The Pentagon has asked the Justice Department to join an inquiry into alleged fuel overcharging by Halliburton Co. in Iraq, indicating that Pentagon officials see possible grounds for criminal charges or civil penalties.
The broadening of the fuel inquiry, which one military official described as "highly significant," would give the investigation considerably more heft.
Justice investigators have the power to indict and to press criminal fraud charges -- abilities denied the Pentagon's civilian watchdogs. They also can assess hefty penalties and seek additional damages, a power the Pentagon lacks, though its auditors can reject a contractor's billings as being too high and decline to pay.
A senior Justice official said the department was "expected" to take up the investigation, but said that because the allegations involved both civil and criminal violations it is unclear which division will take up the case.
Halliburton spokeswoman Wendy Hall said the referral to the Justice Department was "to be expected ... in the current political environment."
But she said it was simply "a method of further studying the issue and not a condemnation" of the company's business practices. Pentagon officials notified members of Congress Wednesday about the move to widen the Halliburton investigation, as the House Government Reform committee prepared for a first-ever hearing Thursday on alleged Iraq contracting abuses.
Halliburton's Kellogg Brown & Root subsidiary has been under mounting scrutiny since last fall over suspicions that a fuel contract the company signed in May had overcharged U.S. taxpayers by $61 million up to the end of September, and by about $20 million a month since then.
A Justice official suggested the department might inquire whether there was any violation of the federal False Claims Act. Under that law, a company found guilty of defrauding the government can be ordered to repay as much as three times the amount of the fraud. The government doesn't have to show any specific intent to defraud, only that a person or company knowingly presented a false claim.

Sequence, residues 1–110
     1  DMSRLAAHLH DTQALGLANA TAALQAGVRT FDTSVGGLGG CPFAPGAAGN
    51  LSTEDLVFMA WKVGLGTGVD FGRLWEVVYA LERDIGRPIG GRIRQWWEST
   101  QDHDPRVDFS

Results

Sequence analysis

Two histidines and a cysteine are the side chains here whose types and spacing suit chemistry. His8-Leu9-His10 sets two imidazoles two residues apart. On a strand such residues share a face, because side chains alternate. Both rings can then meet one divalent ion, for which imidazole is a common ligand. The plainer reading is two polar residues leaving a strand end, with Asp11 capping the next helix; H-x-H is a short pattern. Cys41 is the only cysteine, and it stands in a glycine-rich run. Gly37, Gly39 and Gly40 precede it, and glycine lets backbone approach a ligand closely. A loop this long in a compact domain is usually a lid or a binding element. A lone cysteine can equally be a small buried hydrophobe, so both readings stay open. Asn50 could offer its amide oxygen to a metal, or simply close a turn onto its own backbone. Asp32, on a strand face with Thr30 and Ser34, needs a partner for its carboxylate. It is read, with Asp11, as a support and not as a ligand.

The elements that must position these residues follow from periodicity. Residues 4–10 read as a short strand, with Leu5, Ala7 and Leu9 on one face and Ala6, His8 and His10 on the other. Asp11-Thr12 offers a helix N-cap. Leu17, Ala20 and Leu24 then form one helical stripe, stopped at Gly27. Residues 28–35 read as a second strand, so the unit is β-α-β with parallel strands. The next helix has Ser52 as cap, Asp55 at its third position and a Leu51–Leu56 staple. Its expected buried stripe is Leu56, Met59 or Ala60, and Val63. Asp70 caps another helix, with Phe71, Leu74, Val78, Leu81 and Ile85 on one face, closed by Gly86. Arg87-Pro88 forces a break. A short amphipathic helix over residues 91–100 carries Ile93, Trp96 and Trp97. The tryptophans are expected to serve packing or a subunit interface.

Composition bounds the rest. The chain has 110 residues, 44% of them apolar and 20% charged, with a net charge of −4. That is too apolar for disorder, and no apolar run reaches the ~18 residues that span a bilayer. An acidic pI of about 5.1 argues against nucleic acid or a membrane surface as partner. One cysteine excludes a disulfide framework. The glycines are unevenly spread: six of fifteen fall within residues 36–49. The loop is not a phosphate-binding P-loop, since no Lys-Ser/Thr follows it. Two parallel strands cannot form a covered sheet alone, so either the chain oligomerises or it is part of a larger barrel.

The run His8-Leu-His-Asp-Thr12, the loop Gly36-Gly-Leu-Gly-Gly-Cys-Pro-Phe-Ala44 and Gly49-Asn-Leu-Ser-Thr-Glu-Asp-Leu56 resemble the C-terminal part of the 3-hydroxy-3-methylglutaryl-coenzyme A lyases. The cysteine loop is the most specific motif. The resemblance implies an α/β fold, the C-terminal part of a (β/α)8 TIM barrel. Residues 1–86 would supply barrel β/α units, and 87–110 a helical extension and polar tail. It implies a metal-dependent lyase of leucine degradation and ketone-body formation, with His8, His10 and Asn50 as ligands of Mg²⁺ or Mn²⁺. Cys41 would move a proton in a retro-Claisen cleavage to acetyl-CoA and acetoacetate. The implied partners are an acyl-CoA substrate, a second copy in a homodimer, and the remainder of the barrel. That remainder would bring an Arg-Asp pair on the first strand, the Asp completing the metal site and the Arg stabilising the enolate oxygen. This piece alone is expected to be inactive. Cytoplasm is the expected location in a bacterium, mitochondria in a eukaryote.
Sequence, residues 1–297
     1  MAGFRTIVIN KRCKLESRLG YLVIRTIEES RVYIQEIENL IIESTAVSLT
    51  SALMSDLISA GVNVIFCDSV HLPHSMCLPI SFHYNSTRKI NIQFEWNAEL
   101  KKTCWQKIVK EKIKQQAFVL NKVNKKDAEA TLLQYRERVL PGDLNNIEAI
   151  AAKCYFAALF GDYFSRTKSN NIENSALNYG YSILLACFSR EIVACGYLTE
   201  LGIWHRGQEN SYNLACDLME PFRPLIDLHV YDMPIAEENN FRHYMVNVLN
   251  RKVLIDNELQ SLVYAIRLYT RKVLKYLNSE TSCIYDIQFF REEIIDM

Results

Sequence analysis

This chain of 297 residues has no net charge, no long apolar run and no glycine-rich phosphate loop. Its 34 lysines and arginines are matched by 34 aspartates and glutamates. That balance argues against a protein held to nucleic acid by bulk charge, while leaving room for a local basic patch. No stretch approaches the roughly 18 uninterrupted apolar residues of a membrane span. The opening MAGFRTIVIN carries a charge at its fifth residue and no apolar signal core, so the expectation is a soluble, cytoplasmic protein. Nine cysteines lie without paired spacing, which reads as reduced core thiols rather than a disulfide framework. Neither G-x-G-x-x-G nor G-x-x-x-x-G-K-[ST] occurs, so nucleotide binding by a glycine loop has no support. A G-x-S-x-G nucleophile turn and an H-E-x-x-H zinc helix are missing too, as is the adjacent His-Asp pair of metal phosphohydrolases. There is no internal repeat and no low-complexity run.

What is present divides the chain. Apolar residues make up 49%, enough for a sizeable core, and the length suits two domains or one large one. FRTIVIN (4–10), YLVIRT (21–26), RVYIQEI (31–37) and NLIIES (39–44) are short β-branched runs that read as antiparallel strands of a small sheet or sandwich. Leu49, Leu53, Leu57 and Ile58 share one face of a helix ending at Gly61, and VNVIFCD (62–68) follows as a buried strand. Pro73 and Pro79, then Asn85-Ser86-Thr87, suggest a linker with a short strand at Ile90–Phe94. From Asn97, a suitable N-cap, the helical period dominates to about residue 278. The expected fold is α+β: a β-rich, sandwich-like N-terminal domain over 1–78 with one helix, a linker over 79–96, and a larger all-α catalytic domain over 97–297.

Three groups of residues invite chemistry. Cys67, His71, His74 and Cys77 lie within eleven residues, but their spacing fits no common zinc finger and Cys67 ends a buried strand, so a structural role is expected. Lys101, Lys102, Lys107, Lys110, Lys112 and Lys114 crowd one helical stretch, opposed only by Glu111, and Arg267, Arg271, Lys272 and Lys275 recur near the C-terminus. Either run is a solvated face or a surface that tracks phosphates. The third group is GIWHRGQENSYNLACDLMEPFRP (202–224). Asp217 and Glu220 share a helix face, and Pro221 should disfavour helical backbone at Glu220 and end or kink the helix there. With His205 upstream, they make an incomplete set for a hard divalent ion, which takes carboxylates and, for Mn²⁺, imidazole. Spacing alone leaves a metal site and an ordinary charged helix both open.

Under Examination An expanded probe of Halliburton's fuel work in Iraq would join a lengthening list of areas in which the Houston-based contractor is under examination for its work there. The company, run until 2000 by Vice President Dick Cheney, has been widely criticized, particularly by Democrats, over how the Bush administration has handled billions of dollars of work in postwar Iraq.
Halliburton has multiple contracts valued at up to $18 billion to support the Army and repair oilfields in Iraq. Under the contract now being investigated, KBR hauled gasoline and other fuel into Iraq from Kuwait and Turkey.
The State Department also has stepped in to investigate whether U.S. diplomats were improperly involved in steering the disputed fuel contract to a specific Kuwaiti supplier, Altanmia Commercial Marketing Co. Last month, Kuwait's parliament, with the backing of the country's powerful energy ministry, decided to open its own investigation.
At the same time, Pentagon officials are weighing whether to penalize KBR over yet another dispute involving Altanmia and hundreds of millions of dollars of fuel deliveries to Iraq since January.
This spat centers on a letter the Kuwait Petroleum Corp. says it sent to KBR in late January. In the letter, the state-owned oil company said it was prepared as of February to supply gasoline and other fuels directly to KBR, thus bypassing Altanmia and significantly reducing the U.S. government's cost.
KBR employees in Kuwait have told Army officials that they never received the letter, though officials in Kuwait said there is proof that the Kuwaitis faxed the letter to KBR offices. Since the end of January, KBR has signed off on additional Altanmia fuel contracts valued at more than $300 million, according to Army records.